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PostPosted: Thu Oct 31, 2013 3:58 pm 
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2 hours and 15 minutes. Trippy, huh? Throw that all spiced up bird on the rack, set your drip pan, wood chips around drip pan, lite fuse, get away! Lol.

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PostPosted: Thu Oct 31, 2013 5:33 pm 
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Got me this wrought iron cone thang you stick up the bird's behind and rotisserie that dude like a champ!

but your iron lung looks fun too... ;)


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PostPosted: Mon Nov 04, 2013 11:51 am 
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That's quite an oven you've got going there Temu. What the heck is it, how does it work, and where did you get it?


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PostPosted: Mon Nov 04, 2013 12:31 pm 
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Have a look...

http://www.theorioncooker.com/cooker/cooker.html

Never seen nuthin' like it.

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PostPosted: Mon Nov 04, 2013 4:48 pm 
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Not to mention, he's the first thing I look to in the early mornings when I crank up the old truck, all bright in glory.

Checked it out at ACE's site. Not bad. I will have to show this to the wifey; it's a good buy...


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PostPosted: Mon Nov 04, 2013 11:23 pm 
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Something like this had DH drooling in Home Depot the other day. It sure would be handy. We processed our own turkeys for the first time this year and I had a heck of a time fitting our 16 lb. tom in my roaster!

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PostPosted: Tue Nov 05, 2013 12:39 pm 
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I miss raising turkeys. Got to do it once...and each one was over 30lbs..dressed. I bought day olds in April, and butchered them (myself) in mid November. All I ever fed them was a cheap multi grain and kitchen/garden refuse. They were free range. I think their feed conversion is better even than chickens and If I had to raise birds for meat again, it would be turkeys.

My dau. raised one once and it weighed over 50 lbs..dressed. I had to purchase a special pan for it as the bird from the top of the leg to the other side was over 18 inches wide. It took 16 hours to cook it. That huge bird wasn't the best bird I ever ate, but it was good..and mostly amazing. He was a 2 year old bird.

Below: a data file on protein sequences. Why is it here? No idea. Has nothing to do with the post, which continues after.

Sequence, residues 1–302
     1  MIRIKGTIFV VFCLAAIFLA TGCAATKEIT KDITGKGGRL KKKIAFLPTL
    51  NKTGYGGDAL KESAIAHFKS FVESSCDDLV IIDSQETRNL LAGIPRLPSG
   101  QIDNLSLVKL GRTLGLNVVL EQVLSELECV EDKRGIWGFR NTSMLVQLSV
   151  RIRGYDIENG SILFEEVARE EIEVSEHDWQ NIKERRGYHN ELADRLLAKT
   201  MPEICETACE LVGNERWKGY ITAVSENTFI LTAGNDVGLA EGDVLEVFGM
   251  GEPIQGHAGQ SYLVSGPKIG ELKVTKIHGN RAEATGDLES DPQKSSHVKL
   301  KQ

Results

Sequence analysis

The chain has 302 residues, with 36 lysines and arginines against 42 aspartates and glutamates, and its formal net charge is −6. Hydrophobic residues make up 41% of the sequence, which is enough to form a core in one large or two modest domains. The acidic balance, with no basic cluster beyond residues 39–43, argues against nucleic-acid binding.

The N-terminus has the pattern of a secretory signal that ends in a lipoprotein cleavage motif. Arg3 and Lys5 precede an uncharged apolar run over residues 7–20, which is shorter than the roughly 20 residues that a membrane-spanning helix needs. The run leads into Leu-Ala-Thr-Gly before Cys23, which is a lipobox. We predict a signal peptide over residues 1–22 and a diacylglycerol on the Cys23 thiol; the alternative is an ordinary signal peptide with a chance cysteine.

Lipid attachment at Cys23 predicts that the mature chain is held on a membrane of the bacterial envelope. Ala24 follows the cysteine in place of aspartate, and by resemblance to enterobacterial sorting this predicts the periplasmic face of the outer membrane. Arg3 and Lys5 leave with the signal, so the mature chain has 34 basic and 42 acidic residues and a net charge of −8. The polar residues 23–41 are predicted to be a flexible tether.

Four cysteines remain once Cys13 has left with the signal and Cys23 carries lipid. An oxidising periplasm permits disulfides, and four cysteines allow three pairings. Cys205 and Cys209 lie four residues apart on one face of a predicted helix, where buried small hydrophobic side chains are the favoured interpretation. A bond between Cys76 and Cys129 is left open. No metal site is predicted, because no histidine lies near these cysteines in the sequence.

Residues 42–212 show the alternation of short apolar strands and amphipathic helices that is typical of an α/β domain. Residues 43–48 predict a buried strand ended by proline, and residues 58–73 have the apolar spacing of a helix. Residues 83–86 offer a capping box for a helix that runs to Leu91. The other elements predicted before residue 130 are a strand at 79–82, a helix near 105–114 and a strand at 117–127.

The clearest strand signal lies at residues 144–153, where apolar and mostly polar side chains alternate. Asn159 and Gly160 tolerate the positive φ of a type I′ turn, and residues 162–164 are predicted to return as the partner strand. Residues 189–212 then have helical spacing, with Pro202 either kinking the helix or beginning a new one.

ok..off to check Terry's link. Thanks Terry!


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PostPosted: Tue Nov 05, 2013 12:46 pm 
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The cooker looks like a really kewl concept. I like that better than the deep fryer types. You can actually stuff the bird and roast it in the orion.


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PostPosted: Tue Nov 05, 2013 5:05 pm 
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Texas Jon wrote:
Not to mention, he's the first thing I look to in the early mornings when I crank up the old truck, all bright in glory.

Checked it out at ACE's site. Not bad. I will have to show this to the wifey; it's a good buy...


I just read my own post and scratched my head. I meant to say *since the name is Orion* that I look up at that constellation most mornings when it is clear, directly above my truck, *and also* I looked online at ACE Hardware and found it for sale at a good price. I think you just sold one of them for free, Terry. :)


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PostPosted: Tue Nov 05, 2013 7:19 pm 
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Texas Jon wrote:
I just read my own post and scratched my head. I meant to say *since the name is Orion* that I look up at that constellation most mornings when it is clear, directly above my truck,


Lol! I'd thought, 'oh my poor ol' Tejas partner is having a senior moment'...already.

:s_tongue

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PostPosted: Tue Nov 05, 2013 11:36 pm 
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Judith wrote:
I miss raising turkeys. Got to do it once...and each one was over 30lbs..dressed.....


My dau. raised one once and it weighed over 50 lbs..dressed. I had to purchase a special pan for it as the bird from the top of the leg to the other side was over 18 inches wide. It took 16 hours to cook it. That huge bird wasn't the best bird I ever ate, but it was good..and mostly amazing. He was a 2 year old bird.